Note: its function as part of the pressure management system ceases when empty of air (totally collapsed – usually at the pressure height) or fully inflated with air (usually when descending after significant LTA gas loss).
Balloon: A simple bulbous aerostat as just an inflated envelope.
Barrage balloon: A simple wartime defensive tethered aerostat method with a strong line (difficult to see) let up as an obstacle in the way of aircraft that may fly into them, protecting ground arrangements and people below from attack. They also could carry nets hanging between them.
Battens: Long shaped ribs used to support other parts (e.g. a nose cone), stiffen and spread load into a non-rigid aerostat’s envelope.
Bed down: The action to restrain an aerostat at ground level with a net or cover and/or lines to anchor positions or screw-pickets around it. This may involve temporary mooring-out methods after removing protruding lower parts and then hauling it down – sometimes until squeezed against the ground (not necessarily).
Blimp: A colloquial term for a non-rigid airship often also used (perhaps falsely) to describe a tethered aerostat.
Body of revolution: The 3 dimensional outer hull profile of a vessel (such as an aerostat) with varying circular section about a straight axis.
Buoyancy: In air, the aerostatic lift force of the atmosphere on the body causing its displacement.
Note: all bodies in the atmosphere experience it. Under ISA sea level conditions air has a density of 1.225 kg/m3. Hence, with standard gravity, gn = 9.80665 m/s2, a displaced 13 m volume applies 12.013 N buoyancy on the body causing the displacement (regardless of what it contains).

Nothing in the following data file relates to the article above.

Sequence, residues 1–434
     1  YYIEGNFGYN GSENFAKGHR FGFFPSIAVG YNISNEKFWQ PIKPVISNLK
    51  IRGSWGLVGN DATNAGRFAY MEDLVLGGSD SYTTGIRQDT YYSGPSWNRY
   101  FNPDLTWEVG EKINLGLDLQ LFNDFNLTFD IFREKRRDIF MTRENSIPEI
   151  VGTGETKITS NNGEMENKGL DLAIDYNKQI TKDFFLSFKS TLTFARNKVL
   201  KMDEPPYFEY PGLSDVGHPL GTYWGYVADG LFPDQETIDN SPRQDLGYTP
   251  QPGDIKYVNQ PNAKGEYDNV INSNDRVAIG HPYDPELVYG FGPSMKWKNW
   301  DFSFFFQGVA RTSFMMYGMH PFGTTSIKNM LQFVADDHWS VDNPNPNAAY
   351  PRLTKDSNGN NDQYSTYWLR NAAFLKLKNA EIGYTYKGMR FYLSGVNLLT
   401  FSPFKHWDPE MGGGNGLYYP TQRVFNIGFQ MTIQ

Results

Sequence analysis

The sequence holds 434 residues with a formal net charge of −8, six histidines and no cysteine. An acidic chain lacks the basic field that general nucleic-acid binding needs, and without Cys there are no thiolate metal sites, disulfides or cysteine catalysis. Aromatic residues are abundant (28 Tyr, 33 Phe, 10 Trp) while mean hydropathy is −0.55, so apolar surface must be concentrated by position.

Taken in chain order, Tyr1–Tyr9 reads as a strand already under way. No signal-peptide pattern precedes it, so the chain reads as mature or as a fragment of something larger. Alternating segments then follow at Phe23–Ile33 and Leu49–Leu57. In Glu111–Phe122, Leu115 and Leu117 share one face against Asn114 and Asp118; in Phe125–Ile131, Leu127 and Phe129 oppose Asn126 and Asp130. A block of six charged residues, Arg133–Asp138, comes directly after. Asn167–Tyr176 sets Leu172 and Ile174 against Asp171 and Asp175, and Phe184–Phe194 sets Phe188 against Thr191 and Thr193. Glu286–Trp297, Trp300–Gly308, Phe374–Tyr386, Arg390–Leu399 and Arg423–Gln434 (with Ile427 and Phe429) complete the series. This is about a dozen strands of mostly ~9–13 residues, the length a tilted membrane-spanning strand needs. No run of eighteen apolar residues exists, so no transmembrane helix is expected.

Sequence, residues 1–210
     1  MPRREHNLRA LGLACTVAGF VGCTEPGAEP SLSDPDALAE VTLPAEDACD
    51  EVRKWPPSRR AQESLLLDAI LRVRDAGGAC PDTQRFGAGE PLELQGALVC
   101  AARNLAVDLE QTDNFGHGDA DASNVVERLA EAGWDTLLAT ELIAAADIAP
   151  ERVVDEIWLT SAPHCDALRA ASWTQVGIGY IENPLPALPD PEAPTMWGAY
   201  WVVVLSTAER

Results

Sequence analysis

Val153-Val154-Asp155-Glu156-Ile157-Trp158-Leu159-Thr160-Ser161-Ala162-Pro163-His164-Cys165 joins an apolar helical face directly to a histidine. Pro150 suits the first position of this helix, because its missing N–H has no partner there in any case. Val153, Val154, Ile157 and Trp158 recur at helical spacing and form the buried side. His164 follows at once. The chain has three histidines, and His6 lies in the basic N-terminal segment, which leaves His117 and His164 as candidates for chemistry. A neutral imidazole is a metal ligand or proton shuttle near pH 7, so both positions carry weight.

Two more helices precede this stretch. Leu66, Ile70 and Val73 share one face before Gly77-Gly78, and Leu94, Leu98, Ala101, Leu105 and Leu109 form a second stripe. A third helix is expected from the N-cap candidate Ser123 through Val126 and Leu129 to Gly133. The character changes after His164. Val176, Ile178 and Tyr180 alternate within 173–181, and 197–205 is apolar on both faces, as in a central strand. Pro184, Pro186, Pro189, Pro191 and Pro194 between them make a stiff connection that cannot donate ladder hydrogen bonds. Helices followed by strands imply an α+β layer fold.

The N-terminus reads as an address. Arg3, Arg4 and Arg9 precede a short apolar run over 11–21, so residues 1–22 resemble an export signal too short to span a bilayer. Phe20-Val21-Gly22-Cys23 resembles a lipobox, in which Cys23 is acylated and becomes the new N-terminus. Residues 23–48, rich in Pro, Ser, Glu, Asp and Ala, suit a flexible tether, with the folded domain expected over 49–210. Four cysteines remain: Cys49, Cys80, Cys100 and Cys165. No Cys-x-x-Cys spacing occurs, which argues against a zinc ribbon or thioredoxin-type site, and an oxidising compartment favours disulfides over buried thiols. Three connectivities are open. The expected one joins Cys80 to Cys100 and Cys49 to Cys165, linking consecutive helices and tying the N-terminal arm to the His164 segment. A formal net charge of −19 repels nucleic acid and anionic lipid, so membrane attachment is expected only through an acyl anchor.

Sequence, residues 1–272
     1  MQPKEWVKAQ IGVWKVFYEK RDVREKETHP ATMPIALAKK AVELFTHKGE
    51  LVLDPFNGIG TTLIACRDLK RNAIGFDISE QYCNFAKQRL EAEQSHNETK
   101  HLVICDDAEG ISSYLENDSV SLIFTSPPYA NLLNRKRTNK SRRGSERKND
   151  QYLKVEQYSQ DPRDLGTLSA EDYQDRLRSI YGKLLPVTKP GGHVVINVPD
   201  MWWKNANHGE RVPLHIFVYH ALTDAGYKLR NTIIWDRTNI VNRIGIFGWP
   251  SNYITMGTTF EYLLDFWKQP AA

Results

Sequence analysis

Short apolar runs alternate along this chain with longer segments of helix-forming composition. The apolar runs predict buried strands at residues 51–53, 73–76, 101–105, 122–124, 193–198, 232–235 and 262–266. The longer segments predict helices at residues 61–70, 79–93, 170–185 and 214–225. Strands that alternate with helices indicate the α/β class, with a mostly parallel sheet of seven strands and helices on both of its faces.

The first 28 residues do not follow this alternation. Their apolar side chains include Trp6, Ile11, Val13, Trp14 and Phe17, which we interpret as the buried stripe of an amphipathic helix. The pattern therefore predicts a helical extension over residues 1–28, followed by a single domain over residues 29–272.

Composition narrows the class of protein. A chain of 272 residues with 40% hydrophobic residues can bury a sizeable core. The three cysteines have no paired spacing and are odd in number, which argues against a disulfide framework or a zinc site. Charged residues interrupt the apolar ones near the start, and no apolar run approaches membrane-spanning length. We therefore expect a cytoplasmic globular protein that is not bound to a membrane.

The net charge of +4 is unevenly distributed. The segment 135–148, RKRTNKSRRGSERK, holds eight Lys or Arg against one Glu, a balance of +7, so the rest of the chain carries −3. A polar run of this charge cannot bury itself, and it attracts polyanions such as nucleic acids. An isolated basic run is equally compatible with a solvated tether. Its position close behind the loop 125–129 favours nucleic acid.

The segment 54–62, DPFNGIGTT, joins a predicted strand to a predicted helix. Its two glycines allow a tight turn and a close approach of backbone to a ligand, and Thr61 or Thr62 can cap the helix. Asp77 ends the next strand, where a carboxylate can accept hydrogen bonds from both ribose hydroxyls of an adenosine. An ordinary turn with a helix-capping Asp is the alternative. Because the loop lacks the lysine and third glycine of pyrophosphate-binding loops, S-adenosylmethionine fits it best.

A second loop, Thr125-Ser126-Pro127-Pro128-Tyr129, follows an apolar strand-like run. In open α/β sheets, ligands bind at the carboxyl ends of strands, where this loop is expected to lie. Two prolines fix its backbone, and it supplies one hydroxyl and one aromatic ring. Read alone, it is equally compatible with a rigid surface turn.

Buoyant aircraft: LTA aircraft that have an aerostat for atmospheric displacement purposes to enable effective buoyancy to be experienced, which includes types that may not be able to achieve EQ without other lift augmentation methods (i.e. aerodynamic and/or vertical thrust) such as some HAVs.
Buoyancy control: Perhaps a misnomer, as buoyancy from the atmosphere is practically impossible to control directly due to remoteness and the way it freely changes. However, buoyancy and weight are forces opposite in direction that both result from the effects of gravity (so are interrelated), where weight change may be used to counter (so control) buoyancy.
Also, because buoyancy results from displacement of the atmosphere, it may instead be controlled through the displacing body’s volume change. Practically, it thus involves indirect methods that are manageable.
Gross weight may be reduced by releasing ballast. It may be increased by collecting rainwater or (if used) by combustion engine exhaust water recovery, and by in-flight transfer (e.g. a bucket and line to collect water over-flown). The displaced volume (so buoyancy) may be reduced by venting LTA gas or by cooling it, although the latter isn’t practical yet.
It may be increased by heating the LTA gas (provided it can freely expand) or by introducing more from pressurised or liquefied storage (also provided it can then freely expand), where the latter is only practical from ground facilities. Purported methods involving in-flight compression to reduce the displaced volume or increase weight when desired are fallacious due to resulting excess parasitic system weight.